Protesters rally against police brutality outside Capitol — and then take to the streets

(Francisco Kjolseth | The Salt Lake Tribune) Protesters march the streets of downtown Salt Lake City as they congregate at 800 South, 300 West by the mural of George Floyd and other people killed in Utah by police as they rally against police brutality on Friday, June 26, 2020.

At first, about 100 people gathered at the Capitol on Friday evening as part of ongoing demonstrations against police brutality in Salt Lake City.

But by night fall, the crowd had grown by a few hundred more, even after marching the nearly 3 miles from the Capitol grounds to the memorial for 22-year-old Bernardo Palacios-Carbajal near 300 West and 900 South. Palacios-Carbajal was killed by Salt Lake City police as he ran from them on May 23.

Friday was the most recent in a series of ongoing protests in Salt Lake City, where people have been gathering to demonstrate against racism and brutality in policing nearly everyday since May 29.

Before they took to the streets Friday, protesters gathered near the road on the south side of the Capitol, holding signs that said, “Racism is the pandemic” and “No justice, no peace.” That was about 6 p.m.

Some stuck signs onto the stone facade near the steps leading to the Capitol grounds — and then removed them before beginning their march about two hours later.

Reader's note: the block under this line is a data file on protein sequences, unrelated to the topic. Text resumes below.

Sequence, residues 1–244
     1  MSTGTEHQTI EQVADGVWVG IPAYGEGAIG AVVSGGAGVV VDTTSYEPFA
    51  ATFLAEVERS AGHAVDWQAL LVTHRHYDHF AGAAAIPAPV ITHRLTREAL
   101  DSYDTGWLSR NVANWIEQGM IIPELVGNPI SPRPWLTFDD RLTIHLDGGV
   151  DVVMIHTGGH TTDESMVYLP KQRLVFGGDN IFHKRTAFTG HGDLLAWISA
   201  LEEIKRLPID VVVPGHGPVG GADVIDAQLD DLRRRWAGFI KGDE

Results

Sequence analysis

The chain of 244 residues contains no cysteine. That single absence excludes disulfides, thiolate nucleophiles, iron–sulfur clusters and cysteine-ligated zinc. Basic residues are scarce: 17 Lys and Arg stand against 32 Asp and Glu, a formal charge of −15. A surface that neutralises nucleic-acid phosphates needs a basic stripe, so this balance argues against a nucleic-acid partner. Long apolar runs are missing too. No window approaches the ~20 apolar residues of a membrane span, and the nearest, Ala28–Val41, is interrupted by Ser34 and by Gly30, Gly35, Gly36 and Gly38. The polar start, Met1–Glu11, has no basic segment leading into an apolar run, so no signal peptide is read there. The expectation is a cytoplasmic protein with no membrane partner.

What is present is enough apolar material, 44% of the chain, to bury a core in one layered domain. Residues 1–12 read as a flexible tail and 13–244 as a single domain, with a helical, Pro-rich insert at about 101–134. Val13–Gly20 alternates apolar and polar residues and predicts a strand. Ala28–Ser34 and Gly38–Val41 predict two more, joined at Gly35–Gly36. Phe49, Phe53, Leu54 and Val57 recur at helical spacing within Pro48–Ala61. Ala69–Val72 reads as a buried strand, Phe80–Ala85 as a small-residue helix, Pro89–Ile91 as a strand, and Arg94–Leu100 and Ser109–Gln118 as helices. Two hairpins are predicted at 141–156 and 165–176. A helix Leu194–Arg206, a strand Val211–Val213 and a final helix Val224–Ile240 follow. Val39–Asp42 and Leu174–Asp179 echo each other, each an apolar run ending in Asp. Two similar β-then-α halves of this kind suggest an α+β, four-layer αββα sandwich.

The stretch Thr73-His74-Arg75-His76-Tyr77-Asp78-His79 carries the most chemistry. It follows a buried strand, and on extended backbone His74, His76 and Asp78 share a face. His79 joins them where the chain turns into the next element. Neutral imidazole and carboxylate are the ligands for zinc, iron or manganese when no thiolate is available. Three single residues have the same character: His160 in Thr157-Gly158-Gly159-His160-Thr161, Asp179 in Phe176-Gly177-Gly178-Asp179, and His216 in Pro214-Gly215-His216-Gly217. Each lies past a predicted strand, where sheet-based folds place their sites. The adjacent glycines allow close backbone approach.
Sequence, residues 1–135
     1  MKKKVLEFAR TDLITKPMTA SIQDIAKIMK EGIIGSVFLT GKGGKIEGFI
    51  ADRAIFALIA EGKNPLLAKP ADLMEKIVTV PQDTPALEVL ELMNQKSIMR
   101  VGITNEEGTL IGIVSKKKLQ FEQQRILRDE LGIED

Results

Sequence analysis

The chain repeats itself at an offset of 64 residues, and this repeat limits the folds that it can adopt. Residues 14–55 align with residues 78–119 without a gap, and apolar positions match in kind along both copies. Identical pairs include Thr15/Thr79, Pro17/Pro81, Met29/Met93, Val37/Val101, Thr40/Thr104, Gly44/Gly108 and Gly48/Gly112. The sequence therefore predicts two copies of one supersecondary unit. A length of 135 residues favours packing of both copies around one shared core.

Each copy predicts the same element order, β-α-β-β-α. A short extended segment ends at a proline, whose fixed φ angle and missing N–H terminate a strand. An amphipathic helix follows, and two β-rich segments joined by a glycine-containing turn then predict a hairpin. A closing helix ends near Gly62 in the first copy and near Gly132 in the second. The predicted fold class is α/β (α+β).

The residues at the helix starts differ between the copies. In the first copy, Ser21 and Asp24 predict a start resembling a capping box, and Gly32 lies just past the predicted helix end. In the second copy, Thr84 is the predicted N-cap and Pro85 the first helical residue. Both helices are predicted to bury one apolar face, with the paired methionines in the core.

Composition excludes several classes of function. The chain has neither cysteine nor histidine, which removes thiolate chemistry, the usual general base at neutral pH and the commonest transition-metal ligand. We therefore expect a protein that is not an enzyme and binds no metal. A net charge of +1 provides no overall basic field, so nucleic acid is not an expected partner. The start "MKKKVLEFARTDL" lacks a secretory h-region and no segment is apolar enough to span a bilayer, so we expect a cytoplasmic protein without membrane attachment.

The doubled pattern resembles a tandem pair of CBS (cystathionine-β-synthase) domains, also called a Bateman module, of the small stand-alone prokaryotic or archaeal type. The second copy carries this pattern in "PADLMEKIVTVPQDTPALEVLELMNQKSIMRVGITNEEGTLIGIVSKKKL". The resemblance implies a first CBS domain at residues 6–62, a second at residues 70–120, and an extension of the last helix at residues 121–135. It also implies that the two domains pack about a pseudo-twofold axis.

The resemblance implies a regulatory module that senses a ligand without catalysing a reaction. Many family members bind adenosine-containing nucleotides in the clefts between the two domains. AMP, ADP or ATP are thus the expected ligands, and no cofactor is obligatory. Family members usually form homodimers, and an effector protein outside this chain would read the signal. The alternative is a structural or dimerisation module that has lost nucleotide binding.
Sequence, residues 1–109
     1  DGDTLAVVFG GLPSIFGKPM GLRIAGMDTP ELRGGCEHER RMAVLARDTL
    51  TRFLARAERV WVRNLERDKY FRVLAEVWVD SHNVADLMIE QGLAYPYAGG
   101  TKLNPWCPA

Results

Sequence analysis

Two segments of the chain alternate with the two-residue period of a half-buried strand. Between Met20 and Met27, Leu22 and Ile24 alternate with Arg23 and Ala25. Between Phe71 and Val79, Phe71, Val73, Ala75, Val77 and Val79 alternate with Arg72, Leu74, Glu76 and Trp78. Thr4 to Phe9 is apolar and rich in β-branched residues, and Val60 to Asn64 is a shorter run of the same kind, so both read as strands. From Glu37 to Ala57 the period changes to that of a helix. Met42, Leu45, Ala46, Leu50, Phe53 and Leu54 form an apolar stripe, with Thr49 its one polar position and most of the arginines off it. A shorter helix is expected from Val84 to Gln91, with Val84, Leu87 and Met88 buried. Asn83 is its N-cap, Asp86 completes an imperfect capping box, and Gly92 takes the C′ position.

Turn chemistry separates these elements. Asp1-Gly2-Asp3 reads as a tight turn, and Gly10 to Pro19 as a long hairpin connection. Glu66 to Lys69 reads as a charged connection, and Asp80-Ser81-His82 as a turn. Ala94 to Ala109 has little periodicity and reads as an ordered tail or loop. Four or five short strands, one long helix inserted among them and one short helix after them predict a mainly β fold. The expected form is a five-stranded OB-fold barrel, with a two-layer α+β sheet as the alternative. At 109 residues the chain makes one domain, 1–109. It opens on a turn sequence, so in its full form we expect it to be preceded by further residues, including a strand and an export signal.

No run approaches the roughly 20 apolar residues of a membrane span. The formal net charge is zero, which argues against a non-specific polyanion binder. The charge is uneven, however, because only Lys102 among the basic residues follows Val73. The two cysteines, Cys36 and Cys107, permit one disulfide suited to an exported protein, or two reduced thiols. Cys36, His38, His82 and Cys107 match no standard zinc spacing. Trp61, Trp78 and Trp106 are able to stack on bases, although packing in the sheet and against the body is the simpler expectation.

And by sunset — just before 10 p.m. — they were still out in force, chanting and dancing to music at Palacios-Carbajal’s memorial.

Some organizations that had been demonstrating to demand information and accountability in Palacios-Carbajal’s death stayed home Friday evening to rest and prepare for Saturday’s all-day planned demonstrations, but that didn’t stop others from gathering.

Also on Friday, six state legislators, who identify as racial or ethnic minorities, sent a letter to Salt Lake County District Attorney Sim Gill, calling for him “to be forthcoming and timely with information” about the Palacios-Carbajal case, which they called alarming and said raises questions.

“Protesters have peacefully gathered regularly over the last several weeks calling for answers,” the letter reads. “We join their calls but do so without prejudgment or bias. Rather, we do so in the name of providing closure so that we may take collective, concrete steps to prevent future replays of this all-too-familiar pattern.”

Gill has said he plans to finish and release his review within the next few weeks.

Sen. Luz Escamilla, D-Salt Lake City; Sen. Jani Iwamoto, D-Holladay; Rep. Angela Romero, D-Salt Lake City; Rep. Karen Kwan, D-Murray; Rep. Sandra Hollins, D-Salt Lake City; and Rep. Mark A. Wheatley, D-Murray, signed the letter.